It’s Risky To Be (Spanking) Frisky

I love the spanking illustration and innuendo (“How To Tame A Shrew”, indeed!) in this advertisement for a “marital tips” pamphlet from one of the old magazines:

spank your wife, save your marriage

You’ve got to love the vague but suggestive copy:

The French have a word for it. In French it’s FOLLIES. And in English it’s MARRIAGE MISCHIEF — a rave hit with either sex, single or married.

Presented here are keyhole showings of marriage, in various stages of doing, undoing, and doing in. Lively numbers to entertain, a Physiology of Folly to wisen you up, and adult cartoons.

It takes all kinds of mix-match to make MARRIAGE MISCHIEF. So unwind and set your sights for a reeling, revealing experience. See the kiss-happy and the slap-happy, the fast and the loose, the antics of the frantic. A “wicked” wedding or anniversary gift. Order on the spree of the moment, keep it for the time of your life!


  • Mother Never Told You
  • What Men Want In Their Wives
  • The Art of Being A Husband
  • The Bridal Bed
  • Hazards Of The First Night
  • Rough Beginnings of The Honeymoon
  • How To Tame A Shrew
  • The Wife Of Bath’s Fifth Husband

Plus other insights and hindsights.

The one thing that made me curious was that line about the Wife of Bath’s Fifth Husband. The Wife of Bath is Chaucer of course, but I haven’t read my Chaucer. What suggestive thoughts does this reference allude to, in the mind of a better-read-than-me person?

To the Google-mobile!

Ahh, here it is. Oh, boy.

I think I’d best let The Wife speak for herself — first in Chaucer’s original words and then in a modern English “translation”:

Now of my fifthe housbonde wol I telle.
God lete his soule nevere come in helle!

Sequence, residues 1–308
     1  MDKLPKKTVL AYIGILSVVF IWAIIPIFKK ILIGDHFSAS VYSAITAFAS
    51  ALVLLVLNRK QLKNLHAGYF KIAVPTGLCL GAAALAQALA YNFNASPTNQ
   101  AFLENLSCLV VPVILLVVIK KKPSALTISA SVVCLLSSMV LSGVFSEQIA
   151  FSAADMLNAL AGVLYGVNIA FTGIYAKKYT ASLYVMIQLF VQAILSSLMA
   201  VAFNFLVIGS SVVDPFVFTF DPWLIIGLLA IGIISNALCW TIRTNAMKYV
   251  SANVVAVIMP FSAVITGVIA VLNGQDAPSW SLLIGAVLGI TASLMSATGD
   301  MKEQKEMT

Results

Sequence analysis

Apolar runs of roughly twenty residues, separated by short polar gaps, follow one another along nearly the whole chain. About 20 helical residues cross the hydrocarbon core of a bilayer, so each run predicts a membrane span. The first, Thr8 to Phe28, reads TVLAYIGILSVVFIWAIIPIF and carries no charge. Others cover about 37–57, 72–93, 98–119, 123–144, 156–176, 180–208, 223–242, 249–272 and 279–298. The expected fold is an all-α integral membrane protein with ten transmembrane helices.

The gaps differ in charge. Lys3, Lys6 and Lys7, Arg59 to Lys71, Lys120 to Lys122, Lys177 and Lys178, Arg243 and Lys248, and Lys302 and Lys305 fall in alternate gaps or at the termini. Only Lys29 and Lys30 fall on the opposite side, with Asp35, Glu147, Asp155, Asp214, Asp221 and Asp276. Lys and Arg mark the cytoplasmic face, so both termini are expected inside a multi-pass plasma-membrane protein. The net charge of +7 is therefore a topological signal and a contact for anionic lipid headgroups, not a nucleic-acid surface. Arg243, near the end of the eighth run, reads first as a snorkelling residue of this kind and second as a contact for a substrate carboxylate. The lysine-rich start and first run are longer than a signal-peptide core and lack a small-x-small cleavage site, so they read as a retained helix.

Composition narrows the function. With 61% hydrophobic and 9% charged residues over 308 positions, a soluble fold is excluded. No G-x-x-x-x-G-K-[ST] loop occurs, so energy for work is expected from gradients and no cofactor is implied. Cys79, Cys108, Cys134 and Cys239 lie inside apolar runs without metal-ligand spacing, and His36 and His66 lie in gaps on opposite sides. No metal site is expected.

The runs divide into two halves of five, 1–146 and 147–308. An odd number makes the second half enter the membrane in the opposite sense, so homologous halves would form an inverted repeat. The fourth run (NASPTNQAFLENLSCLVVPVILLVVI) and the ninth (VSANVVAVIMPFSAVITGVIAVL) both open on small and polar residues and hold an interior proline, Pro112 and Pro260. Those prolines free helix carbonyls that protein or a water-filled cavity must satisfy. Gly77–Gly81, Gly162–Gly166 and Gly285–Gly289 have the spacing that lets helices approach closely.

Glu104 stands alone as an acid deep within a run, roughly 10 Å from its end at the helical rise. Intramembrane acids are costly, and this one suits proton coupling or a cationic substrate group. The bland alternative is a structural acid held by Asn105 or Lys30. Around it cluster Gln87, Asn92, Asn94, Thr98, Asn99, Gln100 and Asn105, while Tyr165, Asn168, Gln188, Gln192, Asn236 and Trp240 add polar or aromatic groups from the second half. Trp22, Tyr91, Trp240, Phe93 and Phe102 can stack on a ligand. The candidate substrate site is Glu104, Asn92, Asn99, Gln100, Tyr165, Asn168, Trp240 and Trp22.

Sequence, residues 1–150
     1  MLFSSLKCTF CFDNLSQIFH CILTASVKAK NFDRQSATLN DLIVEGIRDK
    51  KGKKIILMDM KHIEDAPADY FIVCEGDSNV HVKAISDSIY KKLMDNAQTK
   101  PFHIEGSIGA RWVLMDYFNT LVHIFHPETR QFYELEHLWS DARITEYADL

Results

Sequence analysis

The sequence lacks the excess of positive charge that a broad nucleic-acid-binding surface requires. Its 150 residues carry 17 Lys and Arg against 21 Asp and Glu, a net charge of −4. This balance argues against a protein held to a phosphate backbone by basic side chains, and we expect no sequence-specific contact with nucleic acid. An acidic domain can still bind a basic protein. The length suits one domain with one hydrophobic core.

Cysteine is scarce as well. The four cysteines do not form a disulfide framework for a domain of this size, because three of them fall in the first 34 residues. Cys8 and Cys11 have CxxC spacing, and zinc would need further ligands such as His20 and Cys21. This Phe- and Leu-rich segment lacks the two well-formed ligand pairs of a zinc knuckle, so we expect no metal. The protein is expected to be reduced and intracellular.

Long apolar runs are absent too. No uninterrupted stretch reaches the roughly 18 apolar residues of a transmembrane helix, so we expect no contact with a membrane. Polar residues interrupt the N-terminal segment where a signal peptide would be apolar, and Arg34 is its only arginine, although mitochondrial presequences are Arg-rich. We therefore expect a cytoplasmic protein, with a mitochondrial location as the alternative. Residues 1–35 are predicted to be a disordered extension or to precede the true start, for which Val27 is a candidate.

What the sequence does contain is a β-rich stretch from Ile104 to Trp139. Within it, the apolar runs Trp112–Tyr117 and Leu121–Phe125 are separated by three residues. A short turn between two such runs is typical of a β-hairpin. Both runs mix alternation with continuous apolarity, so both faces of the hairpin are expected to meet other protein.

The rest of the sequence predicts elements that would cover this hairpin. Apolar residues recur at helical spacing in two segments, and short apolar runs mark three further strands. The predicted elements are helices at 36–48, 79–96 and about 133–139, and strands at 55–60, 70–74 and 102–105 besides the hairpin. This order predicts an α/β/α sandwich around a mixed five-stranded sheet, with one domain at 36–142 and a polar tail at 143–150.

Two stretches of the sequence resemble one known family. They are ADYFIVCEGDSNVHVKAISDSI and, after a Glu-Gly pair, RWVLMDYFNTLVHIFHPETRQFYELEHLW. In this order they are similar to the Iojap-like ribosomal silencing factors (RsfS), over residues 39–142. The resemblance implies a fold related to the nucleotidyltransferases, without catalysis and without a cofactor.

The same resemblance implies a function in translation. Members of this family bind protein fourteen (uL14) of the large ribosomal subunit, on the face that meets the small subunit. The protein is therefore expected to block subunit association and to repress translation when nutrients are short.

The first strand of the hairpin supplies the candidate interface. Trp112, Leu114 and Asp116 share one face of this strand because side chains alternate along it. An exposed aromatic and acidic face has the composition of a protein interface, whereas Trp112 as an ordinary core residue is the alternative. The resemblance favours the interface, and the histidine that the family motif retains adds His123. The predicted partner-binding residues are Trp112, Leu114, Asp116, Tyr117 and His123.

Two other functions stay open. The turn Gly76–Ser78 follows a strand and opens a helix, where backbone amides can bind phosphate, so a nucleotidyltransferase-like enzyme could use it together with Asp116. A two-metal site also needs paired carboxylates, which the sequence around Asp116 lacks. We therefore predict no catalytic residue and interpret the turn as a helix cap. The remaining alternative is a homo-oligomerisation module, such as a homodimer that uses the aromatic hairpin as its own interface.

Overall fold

And yet was he to me the mooste shrewe;
That feele I on my ribbes al by rewe,
And evere shal unto myn endyng day.
But in oure bed he was so fressh and gay,
And therwithal so wel koude he me glose,
Whan that he wolde han my bele chose,
That thogh he hadde me bete on every bon,
He koude wynne agayn my love anon.
I trowe I loved hym best, for that he
Was of his love daungerous to me.
We wommen han if that I shal nat lye,
In this matere a queynte fantasye;
Wayte what thyng we may nat lightly have,
Therafter wol we crie al day and crave.
Forbede us thyng, and that desiren we;
Preesse on us faste, and thanne wol we fle.
With daunger oute we al oure chaffare;
Greet prees at market maketh deere ware,
And to greet cheep is holde at litel prys:
This knoweth every womman that is wys.


And now of my fifth husband will I tell.
God grant his soul may never get to Hell!
And yet he was to me most brutal, too;
My ribs yet feel as they were black and blue,
And ever shall, until my dying day.
But in our bed he was so fresh and gay,
And therewithal he could so well impose,
What time he wanted use of my belle chose,
That though he’d beaten me on every bone,
He could re-win my love, and that full soon.
I guess I loved him best of all, for he
Gave of his love most sparingly to me.
We women have, if I am not to lie,
In this love matter, a quaint fantasy;
Look out a thing we may not lightly have,
And after that we’ll cry all day and crave.
Forbid a thing, and that thing covet we;
Press hard upon us, then we turn and flee.
Sparingly offer we our goods, when fair;
Great crowds at market for dearer ware,
And what’s too common brings but little price;
All this knows every woman who is wise.

See Also:

  1. Dave commented on May 7th, 2008:

    What an absolute gem and terrific find! I think you got an exclusive on this one. Offers quite a fascinating window on the culture at the time.


  2. Malcolm commented on May 10th, 2008:

    Even the modern translation is less than adequate if the reader doesn’t realize that the noun meaning of queynt refers to the female genetalia, probably etymologically related to the modern 4 letter word that starts with a c. The “queynte fantasy” probably puns on the word quaint. And obviously, “my belle chose” (french for my pretty thing) was doubtlessly a euphemism for that same lovely anatomical structure.

  3. Mark commented on May 16th, 2008:

    The Wife of Bath’s fifth husband was her most beloved. She was a shrew and he attempted to tame her. She did not submit, and there was a physical confrontation after which he divorced her and returned her property.


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